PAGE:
Oscar Pistorius and his ‘Differentability’

Written by Judy Klipin

As you will know by now, I am disgustingly patriotic.  Anything and everything that is in any way positive about South Africa makes my heart swell with pride and my eyes well up with emotion.

So you can imagine what it has been like to be around me during the Olympic Games.  More than a few tears have flowed during the medal ceremonies, as may be expected.

But the real emotion has been centered around Oscar Pistoriusthe beautiful young man we call ‘Blade Runner” – and his remarkable journey to and at the London Olympics.

As you no doubt already know, Oscar was born with a condition that meant he had to have both of his legs amputated below the knee before he turned one.  Despite this rather challenging start to life, Oscar was encouraged by his parents to be all that he could be and, while playing rugby (as one does when one has two prosthetic limbs), he discovered a talent for running.

He has since dedicated most of his life to becoming one of the world’s best runners. 

Competing in – and winning many medals at – the Paralympics was not enough for our Oscar; he fought a long and hard battle to be allowed to compete against ‘able-bodied’ athletes at the Olympic Games, and this year he won. Even before he came second in his heat for the 400m sprint, Oscar was a champion, just for having got there

Watching that race was among the most profound and inspiring 45.44 seconds I have ever spent. 

He is, quite simply, a force of nature.

Watching him in the semi-final of the 400m individual race was no less moving.   Although he did not qualify for the finals, his grace and humility shone through in such a manner that no-one participating in or watching his heat could fail to be touched by.  The whole stadium loved him, and his fellow athletes all paid remarkable tribute to him.

He touched the world on Sunday.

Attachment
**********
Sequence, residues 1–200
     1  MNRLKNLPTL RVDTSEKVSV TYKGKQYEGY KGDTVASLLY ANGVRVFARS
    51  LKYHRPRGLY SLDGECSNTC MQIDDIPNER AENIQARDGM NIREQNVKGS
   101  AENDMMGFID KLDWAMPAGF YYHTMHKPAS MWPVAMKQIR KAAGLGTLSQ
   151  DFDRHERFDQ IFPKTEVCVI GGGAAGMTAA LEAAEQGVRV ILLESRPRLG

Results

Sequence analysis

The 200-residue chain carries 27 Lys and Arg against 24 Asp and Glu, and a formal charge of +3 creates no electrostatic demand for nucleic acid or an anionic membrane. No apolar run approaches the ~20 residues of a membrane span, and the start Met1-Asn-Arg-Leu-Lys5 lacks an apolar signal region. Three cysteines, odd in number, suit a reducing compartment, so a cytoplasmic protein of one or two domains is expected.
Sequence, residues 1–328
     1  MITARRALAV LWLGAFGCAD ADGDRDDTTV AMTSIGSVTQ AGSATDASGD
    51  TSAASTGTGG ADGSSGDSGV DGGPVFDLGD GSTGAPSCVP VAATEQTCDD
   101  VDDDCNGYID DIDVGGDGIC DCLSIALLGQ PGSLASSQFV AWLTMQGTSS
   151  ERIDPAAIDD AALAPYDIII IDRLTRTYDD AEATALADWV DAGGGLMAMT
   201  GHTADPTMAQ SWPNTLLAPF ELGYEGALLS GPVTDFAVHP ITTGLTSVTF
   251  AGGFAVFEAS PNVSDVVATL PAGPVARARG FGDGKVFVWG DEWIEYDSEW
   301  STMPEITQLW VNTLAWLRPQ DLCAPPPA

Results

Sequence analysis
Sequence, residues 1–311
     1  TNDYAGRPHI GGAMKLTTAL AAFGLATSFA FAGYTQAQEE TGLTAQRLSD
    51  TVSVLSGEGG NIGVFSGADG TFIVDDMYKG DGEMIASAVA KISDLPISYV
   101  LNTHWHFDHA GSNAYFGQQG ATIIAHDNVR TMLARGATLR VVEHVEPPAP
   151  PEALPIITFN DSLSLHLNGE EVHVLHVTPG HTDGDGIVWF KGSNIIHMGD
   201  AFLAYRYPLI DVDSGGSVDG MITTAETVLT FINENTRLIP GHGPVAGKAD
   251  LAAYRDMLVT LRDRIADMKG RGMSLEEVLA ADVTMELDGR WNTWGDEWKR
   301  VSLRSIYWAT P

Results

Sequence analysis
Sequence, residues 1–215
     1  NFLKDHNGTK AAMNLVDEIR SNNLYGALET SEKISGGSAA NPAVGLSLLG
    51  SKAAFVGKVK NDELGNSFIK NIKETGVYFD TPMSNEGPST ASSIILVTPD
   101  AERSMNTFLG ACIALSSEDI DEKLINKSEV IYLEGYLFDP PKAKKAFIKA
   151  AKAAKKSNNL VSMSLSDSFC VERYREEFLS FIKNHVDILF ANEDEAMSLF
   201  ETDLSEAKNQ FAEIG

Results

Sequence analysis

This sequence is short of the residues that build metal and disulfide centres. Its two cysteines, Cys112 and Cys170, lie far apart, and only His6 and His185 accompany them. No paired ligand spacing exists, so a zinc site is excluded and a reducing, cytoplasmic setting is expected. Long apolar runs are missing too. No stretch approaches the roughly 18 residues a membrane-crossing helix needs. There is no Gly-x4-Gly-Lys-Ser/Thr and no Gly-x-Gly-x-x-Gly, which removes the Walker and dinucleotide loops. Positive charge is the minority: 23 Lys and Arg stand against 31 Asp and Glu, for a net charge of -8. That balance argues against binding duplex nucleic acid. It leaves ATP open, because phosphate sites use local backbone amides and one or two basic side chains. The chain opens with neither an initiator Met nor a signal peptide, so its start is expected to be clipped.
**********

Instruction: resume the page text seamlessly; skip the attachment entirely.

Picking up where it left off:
Oscar Pistorius has worked hard, and without any self-pity, to overcome what could so easily be regarded as a challenge.  He has turned his ‘disability’ into a ‘differentability’ and has committed himself to making the most of his talent – a talent that he may have remained unaware of, had he and his parents not been determined to make the most of Oscar and his uniqueness.

We are all born with – or inherit along the way – challenges and difficulties that could slow us down or even derail us completely.  But many of these challenges are the very things that spur us on to become the very best version of ourselves that we can be.   There are countless stories of great achievements that are born from pain, frustration and disappointment. 

We don’t all have Oscar Pistorius’ energy and enthusiasm, but I believe that we can all find a way to turn a personal glitch into a Divine gift.

Think about your greatest strengths.  How could they have grown from your greatest challenges?

 

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2 comments

2 people commented on this

Hi Judy,
Like you, I am also inspired by ordinary people who through blood sweat and tears, become extraordinary. Disabled people, like Oscar, who reach heights that seem impossible for able-bodied people, just dazzle me. He is a legend in his own time, and what an inspiration to us all.
I dabble in blogging, just for my own pleasure, and wrote a blog about Dan Skinstad and his canoeing adventure in the arctic. I was truly inspired by his courage and grit and the fact that he hung in there and finished what he had started.
Oscar and Dan are two men that I look up to and admire. They have shown me that it is one’s spirit and attitude that make you a winner. Yet again I realise that it is not the cards we are dealt, but what we do with them that determines our success or fasilure.
Oscar and Dan are true heros, and I salute them both.

Dear Christine
Thank you for this comment. There is so much inspiration all around us – all we need to do is look!
Love Judy

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